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For Immediate Release

PHR Asks President of El Salvador to Comply with Inter-American Court of Human Rights Decision on Disappearances

Cambridge, Mass - 12/08/2006

On March 1, 2005, the Inter-American Court of Human Rights issued a decision pertaining to the case of the Serrano Cruz sisters, who were allegedly captured, kidnapped, and forcibly disappeared by the Salvadoran military during its "Operacion Limpieza” (Operation Clean-Up). To date, this case remains unresolved, those responsible have not been identified, nor have the two daughters been located. This is a fate shared by many families in El Salvador, some of which are represented by the Association Pro-Busqueda.

PHR’s International Forensic Program supports Association Pro-Búsqueda in its effort to reunite families with their loved ones who disappeared during the war in El Salvador. Since 1992, PHR has been providing technical and scientific support in the reunification of children with their families.

In a letter sent to the President of El Salvador on December 8, 2006, PHR asks the Salvadoran government to comply with the seven reparation measures issued by the Interamerican Court for Human Rights and encourages dialogue between the government, PHR, Pro-Búsqueda, and others about the Salvadoran government's plans for and progress in implementing the Court’s decision.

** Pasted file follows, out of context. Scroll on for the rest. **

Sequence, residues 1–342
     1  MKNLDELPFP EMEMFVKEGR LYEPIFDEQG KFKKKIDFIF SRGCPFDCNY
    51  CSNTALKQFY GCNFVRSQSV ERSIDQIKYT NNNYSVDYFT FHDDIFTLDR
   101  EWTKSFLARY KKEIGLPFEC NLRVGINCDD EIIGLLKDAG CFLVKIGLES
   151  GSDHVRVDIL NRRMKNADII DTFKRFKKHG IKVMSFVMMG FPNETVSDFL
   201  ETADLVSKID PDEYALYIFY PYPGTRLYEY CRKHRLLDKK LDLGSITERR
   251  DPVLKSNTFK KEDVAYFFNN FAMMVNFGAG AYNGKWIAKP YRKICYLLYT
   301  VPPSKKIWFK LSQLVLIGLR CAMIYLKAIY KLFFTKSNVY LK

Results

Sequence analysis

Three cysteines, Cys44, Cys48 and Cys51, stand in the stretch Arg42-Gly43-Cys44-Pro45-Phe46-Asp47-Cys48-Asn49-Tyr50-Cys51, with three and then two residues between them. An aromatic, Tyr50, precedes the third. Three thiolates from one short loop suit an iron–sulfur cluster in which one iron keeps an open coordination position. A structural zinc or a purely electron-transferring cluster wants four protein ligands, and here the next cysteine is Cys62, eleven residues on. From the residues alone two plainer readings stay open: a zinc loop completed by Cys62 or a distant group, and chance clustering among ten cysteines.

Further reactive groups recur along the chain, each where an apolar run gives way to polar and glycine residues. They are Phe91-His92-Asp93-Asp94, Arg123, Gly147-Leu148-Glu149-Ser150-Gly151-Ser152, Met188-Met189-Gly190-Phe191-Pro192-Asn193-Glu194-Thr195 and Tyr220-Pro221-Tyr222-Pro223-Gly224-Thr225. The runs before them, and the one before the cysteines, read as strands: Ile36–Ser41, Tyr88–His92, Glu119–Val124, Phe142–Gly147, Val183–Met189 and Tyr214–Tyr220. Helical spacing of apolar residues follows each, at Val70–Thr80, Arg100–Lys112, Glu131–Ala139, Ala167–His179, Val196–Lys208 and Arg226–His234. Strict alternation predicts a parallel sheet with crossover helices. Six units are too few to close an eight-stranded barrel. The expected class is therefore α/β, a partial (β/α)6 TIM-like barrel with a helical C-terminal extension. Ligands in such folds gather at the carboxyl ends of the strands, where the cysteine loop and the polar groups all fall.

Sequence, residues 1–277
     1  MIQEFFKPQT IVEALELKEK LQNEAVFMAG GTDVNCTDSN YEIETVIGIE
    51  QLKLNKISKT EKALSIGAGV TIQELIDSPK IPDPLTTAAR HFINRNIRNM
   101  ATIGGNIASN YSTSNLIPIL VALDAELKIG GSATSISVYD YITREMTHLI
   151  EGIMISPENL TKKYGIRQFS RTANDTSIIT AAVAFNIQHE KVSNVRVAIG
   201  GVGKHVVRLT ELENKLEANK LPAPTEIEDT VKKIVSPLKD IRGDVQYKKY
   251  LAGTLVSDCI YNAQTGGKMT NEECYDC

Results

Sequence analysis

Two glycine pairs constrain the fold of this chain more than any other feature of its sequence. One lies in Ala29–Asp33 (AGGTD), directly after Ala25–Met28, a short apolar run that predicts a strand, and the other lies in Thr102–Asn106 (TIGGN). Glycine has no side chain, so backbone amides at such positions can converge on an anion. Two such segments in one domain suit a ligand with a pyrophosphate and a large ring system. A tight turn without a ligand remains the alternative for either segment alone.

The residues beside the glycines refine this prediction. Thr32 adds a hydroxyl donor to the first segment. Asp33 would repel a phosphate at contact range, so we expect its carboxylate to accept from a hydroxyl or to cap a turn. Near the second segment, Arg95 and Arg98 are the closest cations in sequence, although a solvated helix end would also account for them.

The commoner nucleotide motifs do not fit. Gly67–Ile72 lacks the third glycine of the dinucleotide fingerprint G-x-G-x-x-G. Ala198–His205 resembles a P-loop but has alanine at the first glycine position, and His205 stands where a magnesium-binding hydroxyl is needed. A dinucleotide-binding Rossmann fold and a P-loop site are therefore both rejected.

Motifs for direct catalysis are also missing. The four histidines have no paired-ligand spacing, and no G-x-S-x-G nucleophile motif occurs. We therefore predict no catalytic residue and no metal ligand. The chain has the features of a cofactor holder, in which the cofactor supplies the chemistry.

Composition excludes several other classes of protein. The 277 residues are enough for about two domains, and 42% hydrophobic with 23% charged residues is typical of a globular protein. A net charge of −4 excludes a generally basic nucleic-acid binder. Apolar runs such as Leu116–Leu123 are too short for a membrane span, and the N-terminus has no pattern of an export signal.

Physicians for Human Rights (PHR) is an independent organization that uses medicine and science to stop mass atrocities and severe human rights violations. We are supported by the expertise and passion of health professionals and concerned citizens alike.

Since 1986, PHR has conducted investigations in more than 40 countries around the world, including Afghanistan, the Democratic Republic of the Congo, Rwanda, Sudan, the United States, the former Yugoslavia, and Zimbabwe.

  • 1986 — Led investigations of torture in Chile gaining freedom for heroic doctors there
  • 1988 — First to document the Iraqi use of chemical weapons on Kurds providing               evidence for prosecution of war criminals
  • 1996 — Exhumed mass graves in the Balkans and Rwanda to provide evidence for               International Criminal Tribunals
  • 1997 — Shared the Nobel Peace Prize for the International Campaign to Ban Landmines
  • 2003 — Warned US Policymakers on health and human rights conditions prior to and               during the invasion of Iraq
  • 2004 — Documented genocide and sexual violence in Darfur in support of international               prosecutions
  • 2010 — Investigated the epidemic of violence spread by Burma’s military junta
  • 2011 — Championed the principle of noninterference with medical services in times of               armed conflict and civil unrest during the Arab Spring
  • 2012 — Trained doctors, lawyers, police, and judges in the Democratic Republic of the               Congo, Kenya, and Syria on the proper collection of evidence in sexual               violence cases
  • 2013 — Won first prize in the Tech Challenge for Atrocity Prevention with MediCapt, our               mobile app that documents evidence of torture and sexual violence

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